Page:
Millennials put off by promotions referencing Covid-19

02 July 2020 5 min. read
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With a number of companies claiming to celebrate the efforts of their staff amid Covid-19, but failing to actively support them, a majority of Millennial customers feel negatively toward brands referencing the pandemic in promotional material. A majority of customers in general would also rather companies advertised like they did before the crisis.

A number of high profile companies have rolled out commercials during the coronavirus pandemic, lauding ‘hero’ employees in a bid to show solidarity with staff. The public displays of apparent gratitude aim to show firms as compassionate employers, helping to pick up customer from increasingly purpose-led customers amid a turbulent economic moment. That may be easier said than done, however, and many of the youngest generations of consumers regard these ploys with suspicion, as they often contradict the material actions of companies.

One apparent example of this is Amazon. During the pandemic, the ecommerce giant rolled out a series of adverts the efforts of its “Amazon Heroes,” while CEO Jeff Bezos published an open letter thanking his employees for their work during the coronavirus crisis, offering his support as many of his workers have spoken out for more assistance from the company.

Millennials put off by promotions referencing Covid-19

At the same time, the company has routinely claimed it is doing everything in its power to shield its staff from the virus, while downplaying infection rates in its warehouses. In May, for example, Senior Vice President Dave Clark appeared on TV show 60 Minutes to claim Covid-19 cases in Amazon warehouses were “popping up at roughly a rate generally just under what the actual community infection rates are.”

The problem is, the safety of these facilities has been hotly contested by Amazon workers – particularly in the US. There, staff have disputed the company’s claims, and even staged protests and walkouts in warehouses over what they describe as an uneven and inadequate corporate response to the coronavirus. Contrary to the claims of the firm’s CEO that staff would be better supported, or the firm’s PR campaign lauding staff as heroes, however, workers who complained about Amazon’s lack of transparency or handling of the crisis encountered a fearsome retaliation campaign. Some, like Staten Island protest leader Chris Smalls, were even forced out of the company.

According to a leaked company memo, initially published by Bloomberg, infection rates in Amazon’s warehouses may indeed be worse than the firm has let on. As Bloomberg reported, by the middle of May, Amazon “was aware of 45 Covid-19 cases at its MSP1 facility in Shakopee, Minnesota, enough for an infection rate of 1.7%”, according to the memo. “That was higher than the rural county that surrounds the warehouse, and roughly four times higher than any county in the nearby Minneapolis-St. Paul metropolitan area.” In other words, the infection rate in one Minneapolis-area warehouse far outpaced that of the surrounding community, and Amazon knew it. Meanwhile, it appears to have looked to silence dissent in the company on the matter, as it ran an ad campaign to appear a model employer.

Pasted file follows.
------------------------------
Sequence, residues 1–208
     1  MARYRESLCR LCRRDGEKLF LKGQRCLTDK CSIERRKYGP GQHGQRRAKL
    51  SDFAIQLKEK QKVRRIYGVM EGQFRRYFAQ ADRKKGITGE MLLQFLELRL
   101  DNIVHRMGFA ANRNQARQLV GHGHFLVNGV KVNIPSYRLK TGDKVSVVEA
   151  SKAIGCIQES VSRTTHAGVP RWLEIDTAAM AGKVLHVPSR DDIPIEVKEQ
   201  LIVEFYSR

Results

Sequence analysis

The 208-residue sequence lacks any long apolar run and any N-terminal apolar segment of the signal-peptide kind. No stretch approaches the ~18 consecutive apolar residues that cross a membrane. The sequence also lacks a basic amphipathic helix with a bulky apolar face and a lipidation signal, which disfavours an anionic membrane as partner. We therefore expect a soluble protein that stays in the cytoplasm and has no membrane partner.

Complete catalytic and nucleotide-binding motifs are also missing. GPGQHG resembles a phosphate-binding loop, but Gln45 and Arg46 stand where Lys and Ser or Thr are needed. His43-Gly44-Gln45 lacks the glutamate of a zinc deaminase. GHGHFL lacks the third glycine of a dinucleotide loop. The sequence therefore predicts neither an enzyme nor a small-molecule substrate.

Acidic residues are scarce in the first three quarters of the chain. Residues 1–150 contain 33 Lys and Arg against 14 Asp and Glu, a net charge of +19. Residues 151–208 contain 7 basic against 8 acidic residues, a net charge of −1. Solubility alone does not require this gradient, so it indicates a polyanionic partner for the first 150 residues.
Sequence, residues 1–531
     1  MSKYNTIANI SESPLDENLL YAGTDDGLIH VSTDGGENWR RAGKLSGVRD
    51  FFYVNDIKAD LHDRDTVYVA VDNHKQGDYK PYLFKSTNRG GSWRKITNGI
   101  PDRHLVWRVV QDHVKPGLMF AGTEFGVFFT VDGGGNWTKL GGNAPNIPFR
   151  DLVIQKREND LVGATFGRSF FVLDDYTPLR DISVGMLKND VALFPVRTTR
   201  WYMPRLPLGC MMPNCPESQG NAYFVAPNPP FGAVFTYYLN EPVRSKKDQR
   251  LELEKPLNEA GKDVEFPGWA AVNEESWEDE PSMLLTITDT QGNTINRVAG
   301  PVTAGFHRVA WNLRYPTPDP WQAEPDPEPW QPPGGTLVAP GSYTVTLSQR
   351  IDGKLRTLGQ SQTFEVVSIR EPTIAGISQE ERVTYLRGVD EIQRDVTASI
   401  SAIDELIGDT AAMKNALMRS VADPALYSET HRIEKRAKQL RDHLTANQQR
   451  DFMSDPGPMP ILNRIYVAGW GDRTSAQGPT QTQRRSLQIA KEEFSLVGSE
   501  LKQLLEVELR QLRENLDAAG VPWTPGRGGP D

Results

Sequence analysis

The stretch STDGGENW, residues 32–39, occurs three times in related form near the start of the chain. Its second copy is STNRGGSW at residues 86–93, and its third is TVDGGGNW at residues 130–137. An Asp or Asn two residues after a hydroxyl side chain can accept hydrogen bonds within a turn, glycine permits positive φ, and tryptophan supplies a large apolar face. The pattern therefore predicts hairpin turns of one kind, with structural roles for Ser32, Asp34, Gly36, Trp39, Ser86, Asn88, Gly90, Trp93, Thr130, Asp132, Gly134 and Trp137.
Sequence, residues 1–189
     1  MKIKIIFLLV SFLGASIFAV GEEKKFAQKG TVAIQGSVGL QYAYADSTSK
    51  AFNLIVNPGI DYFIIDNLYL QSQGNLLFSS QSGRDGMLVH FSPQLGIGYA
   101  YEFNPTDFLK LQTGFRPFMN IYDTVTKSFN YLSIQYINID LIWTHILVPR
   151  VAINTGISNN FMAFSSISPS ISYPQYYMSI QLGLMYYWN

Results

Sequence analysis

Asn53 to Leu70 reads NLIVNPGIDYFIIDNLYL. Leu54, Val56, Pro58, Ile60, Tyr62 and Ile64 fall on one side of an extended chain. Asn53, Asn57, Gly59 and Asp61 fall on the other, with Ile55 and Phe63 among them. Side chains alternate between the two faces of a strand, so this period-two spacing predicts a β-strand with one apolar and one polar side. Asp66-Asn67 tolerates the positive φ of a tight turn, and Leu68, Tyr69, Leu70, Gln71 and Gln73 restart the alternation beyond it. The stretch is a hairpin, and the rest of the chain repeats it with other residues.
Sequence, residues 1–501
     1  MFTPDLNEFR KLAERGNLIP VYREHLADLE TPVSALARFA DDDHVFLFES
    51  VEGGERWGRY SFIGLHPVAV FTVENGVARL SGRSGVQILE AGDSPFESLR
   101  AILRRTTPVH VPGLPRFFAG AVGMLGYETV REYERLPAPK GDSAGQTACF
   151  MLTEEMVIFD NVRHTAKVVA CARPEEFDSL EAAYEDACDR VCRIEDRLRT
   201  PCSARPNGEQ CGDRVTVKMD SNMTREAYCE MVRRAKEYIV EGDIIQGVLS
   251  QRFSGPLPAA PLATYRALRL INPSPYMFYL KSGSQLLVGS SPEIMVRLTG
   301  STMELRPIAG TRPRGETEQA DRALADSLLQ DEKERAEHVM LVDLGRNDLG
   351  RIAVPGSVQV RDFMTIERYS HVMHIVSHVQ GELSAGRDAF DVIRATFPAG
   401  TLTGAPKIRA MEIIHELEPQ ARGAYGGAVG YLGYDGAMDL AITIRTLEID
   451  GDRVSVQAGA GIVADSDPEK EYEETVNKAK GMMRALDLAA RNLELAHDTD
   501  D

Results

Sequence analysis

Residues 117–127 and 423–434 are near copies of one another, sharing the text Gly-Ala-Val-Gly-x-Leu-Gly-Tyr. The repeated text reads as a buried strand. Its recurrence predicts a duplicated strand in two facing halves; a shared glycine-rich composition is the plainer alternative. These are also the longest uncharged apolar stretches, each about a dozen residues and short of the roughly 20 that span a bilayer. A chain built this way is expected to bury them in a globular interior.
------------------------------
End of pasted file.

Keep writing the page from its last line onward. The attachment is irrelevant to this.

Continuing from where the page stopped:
With examples like this, it is perhaps unsurprising that a survey conducted by Sapio Research and Blackhawk Network found that consumers find adverts signposting company solidarity amid Covid-19 off-putting. Almost two-thirds of people said that they found such efforts irksome; as 65% said they would rather brands looked to promote and advertise as they did before the pandemic. This was most pronounced among 25-35 year-olds, with a majority of Millennials stating that they felt outright negatively about brands referencing Covid-19 during promotions.

Indeed, Blackhawk’s research reinforced the idea that while brands were trumpeting their support of staff, they were failing to make them feel valued. The poll found that 83% of employees like being rewarded for working hard, and 82% agree that receiving gifts or rewards from their current employer makes them feel valued. Despite this, only 15% of employees have received a digital gift card that can be used in multiple retailers or brands.

Retail lessons

Matt Howe, Managing Director of EMEA, at Blackhawk Network, commented, “Covid-19 has brought in many changes and it’s not surprising that many of these will likely continue well beyond the pandemic, and possibly even change consumer behaviour permanently.”

Aside from attitudes toward advertising, Blackhawk also polled consumers on their feelings toward payment methods, online shopping, and their desire to return to physical stores. Retailers will need to learn from these trends quickly, as 75% of people expect some permanent changes to their shopping experiences as a result of Covid-19 precautions.

One of these changes is in payment methods, thanks to the encouragement from stores to use contactless methods, along with a spike in online shopping. Around 46% of people are purchasing from retail stores less than they were a year ago, while more than four-in-five 5 people feel safe receiving online shopping deliveries at home compared to 46% currently feeling unsafe shopping at physical retail locations.

Howe added, “The key to success, even for the retailers that have stayed open during lockdown such as supermarkets, is going to be about reassurance and making customers feel safe while in-store, but not intimidated or scared about the safety measures in place.”